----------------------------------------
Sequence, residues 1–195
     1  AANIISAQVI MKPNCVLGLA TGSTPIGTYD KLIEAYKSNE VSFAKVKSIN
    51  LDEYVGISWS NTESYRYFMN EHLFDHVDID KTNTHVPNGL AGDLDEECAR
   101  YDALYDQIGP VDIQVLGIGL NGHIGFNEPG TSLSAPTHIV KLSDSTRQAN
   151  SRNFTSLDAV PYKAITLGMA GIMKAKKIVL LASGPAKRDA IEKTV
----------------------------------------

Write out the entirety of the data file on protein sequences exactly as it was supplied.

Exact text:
Sequence, residues 1–195
     1  AANIISAQVI MKPNCVLGLA TGSTPIGTYD KLIEAYKSNE VSFAKVKSIN
    51  LDEYVGISWS NTESYRYFMN EHLFDHVDID KTNTHVPNGL AGDLDEECAR
   101  YDALYDQIGP VDIQVLGIGL NGHIGFNEPG TSLSAPTHIV KLSDSTRQAN
   151  SRNFTSLDAV PYKAITLGMA GIMKAKKIVL LASGPAKRDA IEKTV